Elevators unit IPO ignites flame for Thyssenkrupp’s future plans - GulfToday

Elevators unit IPO ignites flame for Thyssenkrupp’s future plans


Employees of Thyssenkrupp at its plant in Dortmund, Germany. Reuters

When Thyssenkrupp CEO Guido Kerkhoff announced plans to list its prized elevators unit last week, he set off a battle for the conglomerate’s future that could test Germany’s brand of “social market” capitalism.

Kerkhoff had little choice but to think the unthinkable when the company’s share price sank to a 15-year low on May 8. The plan to take elevators public not only broke with long tradition but marked the abandonment of a turnaround plan he himself had unveiled less than eight months before.

Now Thyssenkrupp’s future is in play, with activist investors on the one side baying for a restructuring of the group to drive up value, and its top shareholder - the charitable Krupp foundation - and workers on the other side with a mandate to protect the unity of the company and jobs.

It’s also a clash of cultures and of differing visions of capitalism: Anglo-Saxon profit maximisation pitted against Germany’s long-term focused social market economy model.

Kerkhoff’s strategy will not only decide the fate of his career, but also the shape of Thyssenkrupp - a poster child of Germany’s so-called Rhineland capitalism, which buttressed the country’s economic success by emphasising social policies to protect workers rights as much as the rules of free enterprise. Thyssenkrupp’s conglomerate structure has fallen out of favour in the market, reflected in the deterioration of its share price. Many investors say Kerkhoff and the non-profit foundation must move to reshape the group’s portfolio, including through spin-offs and divestments.

Ingo Speich, head of sustainability and corporate governance at top-20 shareholder Deka Investment, said this kind of active portfolio management was the likeliest and best solution for the group.

“Parts will be separated out and the resulting proceeds used to make acquisitions.”

Bankers and investors are now eyeing the prospect of finding new owners for the group’s sprawling businesses, ranging from steel and elevators to car parts and submarines.

Components Technology, which makes automotive parts, and Industrial Solutions, which makes chemical and cement plants, may be merged with sector peers in the medium to long-term, according to three financial sources familiar with the matter.

Elevators may end up in the hands of Kone or Schindler, should they intercept Thyssenkrupp’s IPO plans, while plant engineering could be combined with Linde’s engineering unit, one of the sources said.

Other investment bank pitches to potential buyers will focus on finding a partner for some of Thyssenkrupp’s automotive businesses, where Bosch, ZF Friedrichshafen, Nexteer or Mando are seen as potential players, according to the sources.

The company’s Rothe Erde machine parts unit may attract interest from Sweden’s SKF, Schaeffler and Japan’s NSK, they said.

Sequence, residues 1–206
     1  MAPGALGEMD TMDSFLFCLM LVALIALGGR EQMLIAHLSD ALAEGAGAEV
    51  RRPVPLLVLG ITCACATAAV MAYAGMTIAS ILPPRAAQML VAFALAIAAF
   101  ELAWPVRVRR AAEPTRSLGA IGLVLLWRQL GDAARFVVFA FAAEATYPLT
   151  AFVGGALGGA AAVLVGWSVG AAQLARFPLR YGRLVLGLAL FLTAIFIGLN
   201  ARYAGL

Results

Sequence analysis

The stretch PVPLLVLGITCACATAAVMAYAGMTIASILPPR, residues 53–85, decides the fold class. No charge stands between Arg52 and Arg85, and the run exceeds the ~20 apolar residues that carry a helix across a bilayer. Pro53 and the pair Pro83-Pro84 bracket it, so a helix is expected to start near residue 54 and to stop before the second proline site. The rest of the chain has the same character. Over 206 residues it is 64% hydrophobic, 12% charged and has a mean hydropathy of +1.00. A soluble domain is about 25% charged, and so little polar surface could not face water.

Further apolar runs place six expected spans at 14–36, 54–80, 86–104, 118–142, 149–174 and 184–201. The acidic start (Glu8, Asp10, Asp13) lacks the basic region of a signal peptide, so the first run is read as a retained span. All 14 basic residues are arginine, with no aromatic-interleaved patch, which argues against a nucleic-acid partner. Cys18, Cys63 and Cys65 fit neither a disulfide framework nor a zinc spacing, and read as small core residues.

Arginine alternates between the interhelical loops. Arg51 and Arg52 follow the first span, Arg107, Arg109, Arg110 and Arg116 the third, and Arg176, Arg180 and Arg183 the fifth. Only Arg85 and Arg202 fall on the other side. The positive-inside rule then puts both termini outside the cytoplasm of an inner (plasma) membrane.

“This is the breakup of Thyssenkrupp,” said a senior banker who declined to be named due to the sensitivity of the matter.

All the companies either declined to comment on potential deals or were not immediately available to comment.

Kerkhoff has acknowledged that new ownership structures for its businesses is needed to turn the company around. But Thyssenkrupp declined to comment on any future asset sales.

Such a process will however be lengthy and difficult, according to three separate financial and labour sources, for two reasons: apart from elevators, all other units of Thyssenkrupp are less profitable than their peer average, are going through a restructuring or are in need of one.

This is reducing their value and makes it less probable that an M&A frenzy will ensue.

“I don’t see quick, easy wins unless assets are sold under value,” said another senior banker. “A fire sale is not the way forward.”

Secondly, powerful labour representatives at Thyssenkrupp, who control half of the seats on group’s 20-member supervisory board, are willing to oppose M&A that will result in further job cuts among its 161,000-strong workforce.

The 10 workers’ representatives can team up with the Alfried Krupp von Bohlen and Halbach Foundation, which holds a 21 per cent stake, to veto major changes.

The foundation’s mandate is to preserve the unity of the company while at the same time relying on healthy dividends to fund its non-profit activities for promoting the “common good”.

It therefore needs to tread carefully, preserving the company’s future without obstructing needed reforms.

The elevator IPO, part of a plan that also includes 6,000 job reductions, has found support because it brings in cash that is badly needed to fix Thyssenkrupp’s balance sheet and strengthen the businesses as a whole.

“It will be a difficult path for the company and its employees. But we won’t abandon workers,” said Markus Grolms, vice chairman of Thyssenkrupp’s supervisory board and secretary at IG Metall, Germany’s biggest labour union.


Related articles